ROCKFORD, Ill. (WTVO) — A group of men were caught stealing car parts from a Rockford auto center overnight.
Officers were called to Greater Rockford Auto Auction, 5937 Sandy Hollow Rd, after an alarm went off at the shop. Investigators reportedly found a hole in the fence around the building and found three people walking inside the fenced-in area. Police asked the suspects to stop, and all three men ran away.
Officers caught up with and arrested Rael Gonzalez, Roberto Renya and Elijah Reyna. Bolt cutters, a Sawzall and saw blades were found at the scene. Court record showed that Gonzalez said he put the other men up to the crime.
Investigators believe the men were trying to steal catalytic converters, a problem auto shops are seeing across the stateline. Thieves are looking for a quick buck, cashing in on car parts.
However, Nathan Kurt, owner of Kurt’s Service Center, 1510 Cunningham St, said that there are a few things residents can do to prevent thefts.
“We are even seeing a little bit of a spike in popular vehicles,” Kurt said. “Toyota Prius, those can bring anywhere on the market salvage yards, recyclers, I’m hearing, upwards of $1000 to $1,200.”
It is an important part of the car that part thieves want to get their hands on.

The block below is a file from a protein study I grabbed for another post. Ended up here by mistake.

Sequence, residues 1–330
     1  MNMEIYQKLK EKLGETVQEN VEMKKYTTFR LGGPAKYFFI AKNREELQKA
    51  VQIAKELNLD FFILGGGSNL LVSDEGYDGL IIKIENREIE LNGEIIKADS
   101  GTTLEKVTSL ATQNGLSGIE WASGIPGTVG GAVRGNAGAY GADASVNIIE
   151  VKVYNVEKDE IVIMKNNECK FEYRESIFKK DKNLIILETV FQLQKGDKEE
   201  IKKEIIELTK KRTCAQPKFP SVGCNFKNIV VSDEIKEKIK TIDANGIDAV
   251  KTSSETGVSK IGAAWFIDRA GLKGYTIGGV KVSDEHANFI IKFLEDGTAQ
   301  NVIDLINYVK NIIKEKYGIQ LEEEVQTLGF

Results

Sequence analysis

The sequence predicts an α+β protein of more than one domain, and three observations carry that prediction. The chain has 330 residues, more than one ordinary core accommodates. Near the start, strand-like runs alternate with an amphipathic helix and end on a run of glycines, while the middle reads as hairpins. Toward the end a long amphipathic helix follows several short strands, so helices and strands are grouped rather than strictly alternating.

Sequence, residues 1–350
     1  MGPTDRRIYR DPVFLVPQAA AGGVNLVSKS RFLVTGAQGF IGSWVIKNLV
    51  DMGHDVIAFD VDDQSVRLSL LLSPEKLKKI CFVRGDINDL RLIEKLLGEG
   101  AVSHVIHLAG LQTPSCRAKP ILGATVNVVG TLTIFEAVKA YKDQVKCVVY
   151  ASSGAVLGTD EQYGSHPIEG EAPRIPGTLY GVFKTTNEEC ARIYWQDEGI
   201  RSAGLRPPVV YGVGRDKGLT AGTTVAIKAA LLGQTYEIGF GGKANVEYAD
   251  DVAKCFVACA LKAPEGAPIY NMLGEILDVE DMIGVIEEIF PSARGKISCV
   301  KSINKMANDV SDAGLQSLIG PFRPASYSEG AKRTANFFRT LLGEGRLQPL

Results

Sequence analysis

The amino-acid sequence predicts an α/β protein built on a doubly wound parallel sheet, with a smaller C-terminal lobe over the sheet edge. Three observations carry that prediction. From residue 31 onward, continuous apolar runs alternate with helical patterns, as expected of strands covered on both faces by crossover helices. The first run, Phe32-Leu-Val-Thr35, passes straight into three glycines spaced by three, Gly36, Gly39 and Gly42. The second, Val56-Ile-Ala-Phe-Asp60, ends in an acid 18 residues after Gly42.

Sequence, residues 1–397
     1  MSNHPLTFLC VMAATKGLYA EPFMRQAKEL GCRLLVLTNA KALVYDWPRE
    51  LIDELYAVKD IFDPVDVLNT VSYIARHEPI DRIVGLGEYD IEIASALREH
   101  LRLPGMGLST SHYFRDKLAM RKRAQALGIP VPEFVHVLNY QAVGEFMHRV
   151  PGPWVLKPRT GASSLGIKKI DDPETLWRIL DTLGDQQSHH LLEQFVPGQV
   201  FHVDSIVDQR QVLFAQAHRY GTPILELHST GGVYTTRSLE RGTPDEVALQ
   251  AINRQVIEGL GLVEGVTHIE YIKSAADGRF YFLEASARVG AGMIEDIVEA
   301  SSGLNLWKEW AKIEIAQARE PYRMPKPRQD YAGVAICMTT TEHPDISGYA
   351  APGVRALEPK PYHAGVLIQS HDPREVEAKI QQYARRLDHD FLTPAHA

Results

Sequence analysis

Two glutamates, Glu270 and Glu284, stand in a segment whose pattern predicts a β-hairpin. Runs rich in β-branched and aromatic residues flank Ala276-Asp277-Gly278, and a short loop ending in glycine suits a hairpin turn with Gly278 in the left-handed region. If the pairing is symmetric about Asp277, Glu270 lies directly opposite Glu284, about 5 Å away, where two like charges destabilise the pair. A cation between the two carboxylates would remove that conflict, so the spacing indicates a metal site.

“They are after the converters, like I said,” Kurt said. “There’s precious metals, rhodium and platinum are the main ones in it.”
Kurt said that he has been seeing a lot more cars missing their catalytic converters coming in. It is a piece of exhaust mounted onto cars that converts toxic gases into less harmful substances.
Removing the piece takes less than a minute. Thieves can just slide under the car and chop off the converter. It is happening so much that U-Haul trucks have their own protection.
“U-Haul is sending us cages, and we are actually mounting cages up,” Kurt said. “We replace the converter and mount a cage up, and then we weld that cage, or sometimes we can bolt it in, and it’s a rebar cage, so it makes it a lot harder. Even if they were to cut it, it falls down in the cage.”
Kurt hopes that something will be done to deter this king of crime in the meantime.
“I think, you know, we could see some stricter laws coming down the road, where you are a person who is bringing in catalytic converter‘s into salvage yards, or recycling facilities, they’re gonna wanna ID, they’re gonna want some information from you,” Kurt said.
Police said that residents can best protect themselves, and their cars, by parking inside if it is an option. If not, they should try to park under a light, or can try an alarm or cameras. Residents can also spray paint or etch information onto the part, making it easier to identify their own converter if it is stolen.